I’m in my bedroom / office / apartment — clothes intermingle with compact discs and books in a disheveled orgy of non-productive capitalism. I’m looking at a contentious article recently published by, written by a Mr. Joey Sweeney. (In fact, I’m attempting to copy it a bit with this introduction. The attempt is obviously falling short of the desired mark.) It’s an article summing up the past 365 days of music. It’s not a great article — sporadically well written, veering between sincerity and cloying irony without so much as a fart of exhaust smoke denoting the change of tone, horribly myopic, mildly sexist. Dismissing electronic music due to lack of sales is irresponsible and shortsighted; labeling Weezer & Bruce Springsteen with the same ‘meaningful’ status is borderline schitzophrenia; bemoaning the ‘loss’ of Michael Stipe (to, you know, the forces of commerce and meaningless music) is flat-out crotchety. It would be a much better article if it were published on some personal weblog Joey maintained for his musical ramblings; its reactionary leanings would be less infuriating in a non-professional context. However, as the definitive statement Salon wishes to indirectly endorse regarding the past year in music, it’s a slack piece of journalism in drastic need of a few more miles on the treadmill to work off that Freshman Fifteen.

To be honest, though, I don’t have as much of a problem with Joey’s wrap-up as I do with the many others floating around. (If you’re looking for a list of links to such things, click on over to Mochi Manifesto — he’ll take care of you.) You have Neumu praying for the Strokes to Nirvana-ize the music industry (that sound you hear is the sound of my head making sweet love to the unforgiving black surface of my desk), you have the moss-gathering Rolling Stone perpetuating the famed Mick Jagger madness by placing the offending solo album at #3 on their Top Ten (oh, Jann, Jann, Jann), you have Spin giving its #1 spot to System of a Down as some sort of token gesture of ‘edginess’ (they’re a fine band, don’t get me wrong; they are a band, though, those Spin jackanapes barely recognized during the year — hey, let’s write another article about U2, since they’re so gosh-darn vital; they’re still around, right?), you have Pitchfork’s honoring of various IDM offshoots while their editor-in-chief takes a brief moment to piss & moan about said genre, and so on, and so on, and so on. Pete’s distillation of Best Of lists (down below — read it if you haven’t already) is so on-point; if you’re familiar with a publication’s ways & means, you’ll have a good idea what they’ll deliver after Santa scoots back up the chimney. (Anyone terribly shocked that Ryan Adams’ Gold was given highest honors by the non-depressed folks at Uncut, I have the deed to a fine piece of Brooklyn real estate you’re welcome to purchase from me at a most reasonable price.) It’s in this sort of stultifying atmosphere where a list or summary deviating ever so slightly from the formula (hello, Mr. Sweeney) nearly resembles fresh air.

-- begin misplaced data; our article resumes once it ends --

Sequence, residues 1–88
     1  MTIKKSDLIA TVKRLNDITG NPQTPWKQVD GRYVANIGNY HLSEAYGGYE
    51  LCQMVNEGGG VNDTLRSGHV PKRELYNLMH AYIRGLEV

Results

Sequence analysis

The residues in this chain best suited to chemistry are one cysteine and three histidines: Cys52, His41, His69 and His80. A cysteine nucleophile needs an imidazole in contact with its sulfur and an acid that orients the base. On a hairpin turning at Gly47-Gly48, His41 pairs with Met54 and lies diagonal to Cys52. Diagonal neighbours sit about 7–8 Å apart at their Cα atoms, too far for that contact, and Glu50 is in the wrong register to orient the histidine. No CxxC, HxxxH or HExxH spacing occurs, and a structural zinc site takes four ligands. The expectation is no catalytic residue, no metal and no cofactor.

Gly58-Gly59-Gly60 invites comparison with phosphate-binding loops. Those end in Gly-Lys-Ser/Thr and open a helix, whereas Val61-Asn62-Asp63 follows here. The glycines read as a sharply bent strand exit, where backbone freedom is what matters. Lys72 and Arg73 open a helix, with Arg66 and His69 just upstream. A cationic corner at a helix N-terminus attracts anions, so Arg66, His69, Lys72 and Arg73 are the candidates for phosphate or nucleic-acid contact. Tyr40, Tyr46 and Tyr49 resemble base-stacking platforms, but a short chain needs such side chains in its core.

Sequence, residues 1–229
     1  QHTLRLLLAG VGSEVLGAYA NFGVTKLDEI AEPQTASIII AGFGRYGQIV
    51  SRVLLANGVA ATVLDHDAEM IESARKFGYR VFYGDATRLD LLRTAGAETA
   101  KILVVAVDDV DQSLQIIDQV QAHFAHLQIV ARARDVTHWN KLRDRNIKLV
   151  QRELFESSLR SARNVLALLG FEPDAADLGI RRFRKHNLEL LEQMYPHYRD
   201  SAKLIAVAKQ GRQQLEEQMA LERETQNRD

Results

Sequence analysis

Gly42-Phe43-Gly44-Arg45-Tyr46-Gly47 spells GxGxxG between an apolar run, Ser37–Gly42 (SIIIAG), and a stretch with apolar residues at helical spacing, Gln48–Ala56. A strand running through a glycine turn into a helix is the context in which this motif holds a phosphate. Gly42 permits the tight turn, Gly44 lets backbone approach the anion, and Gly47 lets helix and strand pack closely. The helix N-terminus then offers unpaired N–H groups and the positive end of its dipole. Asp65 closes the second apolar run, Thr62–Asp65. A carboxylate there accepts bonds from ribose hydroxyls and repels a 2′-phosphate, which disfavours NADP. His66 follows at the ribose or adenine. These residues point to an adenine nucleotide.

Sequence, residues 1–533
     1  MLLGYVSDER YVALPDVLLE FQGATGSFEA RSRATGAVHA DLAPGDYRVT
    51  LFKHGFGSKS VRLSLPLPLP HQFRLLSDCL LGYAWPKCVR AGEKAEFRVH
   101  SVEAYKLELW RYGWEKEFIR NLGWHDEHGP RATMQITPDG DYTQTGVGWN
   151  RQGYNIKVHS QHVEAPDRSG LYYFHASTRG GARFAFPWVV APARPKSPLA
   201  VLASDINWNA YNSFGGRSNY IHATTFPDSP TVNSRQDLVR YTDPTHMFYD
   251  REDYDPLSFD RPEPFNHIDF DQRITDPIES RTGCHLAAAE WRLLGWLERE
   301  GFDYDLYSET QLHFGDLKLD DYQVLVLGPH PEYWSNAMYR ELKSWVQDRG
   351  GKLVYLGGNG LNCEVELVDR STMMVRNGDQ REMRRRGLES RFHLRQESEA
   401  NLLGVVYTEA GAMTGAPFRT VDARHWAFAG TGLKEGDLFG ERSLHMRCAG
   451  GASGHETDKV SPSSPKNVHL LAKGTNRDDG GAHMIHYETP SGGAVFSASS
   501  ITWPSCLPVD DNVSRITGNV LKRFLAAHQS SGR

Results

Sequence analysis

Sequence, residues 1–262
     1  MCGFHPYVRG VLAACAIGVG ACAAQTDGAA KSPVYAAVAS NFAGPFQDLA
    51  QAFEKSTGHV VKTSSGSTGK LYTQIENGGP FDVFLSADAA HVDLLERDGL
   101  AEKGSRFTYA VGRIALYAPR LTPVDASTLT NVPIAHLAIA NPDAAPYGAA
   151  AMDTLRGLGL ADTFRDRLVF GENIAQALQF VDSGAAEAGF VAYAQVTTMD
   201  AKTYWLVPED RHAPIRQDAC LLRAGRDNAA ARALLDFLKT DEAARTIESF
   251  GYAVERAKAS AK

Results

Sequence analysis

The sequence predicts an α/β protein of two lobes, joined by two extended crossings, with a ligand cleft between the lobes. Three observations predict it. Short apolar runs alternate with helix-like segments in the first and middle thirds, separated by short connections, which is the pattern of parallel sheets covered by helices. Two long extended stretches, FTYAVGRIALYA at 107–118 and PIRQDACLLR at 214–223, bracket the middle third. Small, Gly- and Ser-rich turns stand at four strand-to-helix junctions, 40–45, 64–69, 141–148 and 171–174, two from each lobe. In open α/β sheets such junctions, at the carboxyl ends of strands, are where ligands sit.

Such lists should be a place to take stock of the past year, see what happened, note pleasant surprises, push the envelope a little bit, report on what’s happening. Instead, writers go out of their way to set an agenda, dictate what’s happening, kick back out the garbage that was previously sent in, perpetuating the same old GIGO cycle that drives most folks (like poor ol’ Cantankerous Jess) bonkers. This could be a simple matter of semantics, though — as this ILM thread concerning The Canon demonstrates, one person’s divining rod is another person’s petrified redwood. Lists, such as those I’m kvetching about, are nothing more than hollow attempts to amend this supposed canon, plot a course for the grand cruise liner that is Popular Music. Never mind that the sea is vast and that the ship isn’t actually destined to go anywhere except where the waters decide to lead it — all these folks are grabbing onto the wheel, spinning it round and round, trying to get this boat Somewhere.

If any of those folks up there simply changed a few words in their essays, maybe took a few steps away from the dias, I’d be a lot less grumpy about the whole list-making enterprise. This is primarily the reason why I’m looking forward (and have been enjoying) the lists offered up by individuals speaking for no one but themselves. This interest isn’t as wrapped up in the ticky-tack issues I’m complaing about — it’s a simple matter of hearing folks talk about why THEY like this music instead of them talking about why I’m supposed to like it. Jesus, people, get your damn hands off the stupid wheel and look at that ocean. It’s a thing of beauty. There’s no way any one person (or even any group) can being to comprehend what’s in those waters and where they lead. Appreciate the splendor of it all, watch the sun dip into the water, marvel at all the stars in the sky. Sit back, relax, and make this long, strange trip your own. And, if you don’t mind, send me a postcard.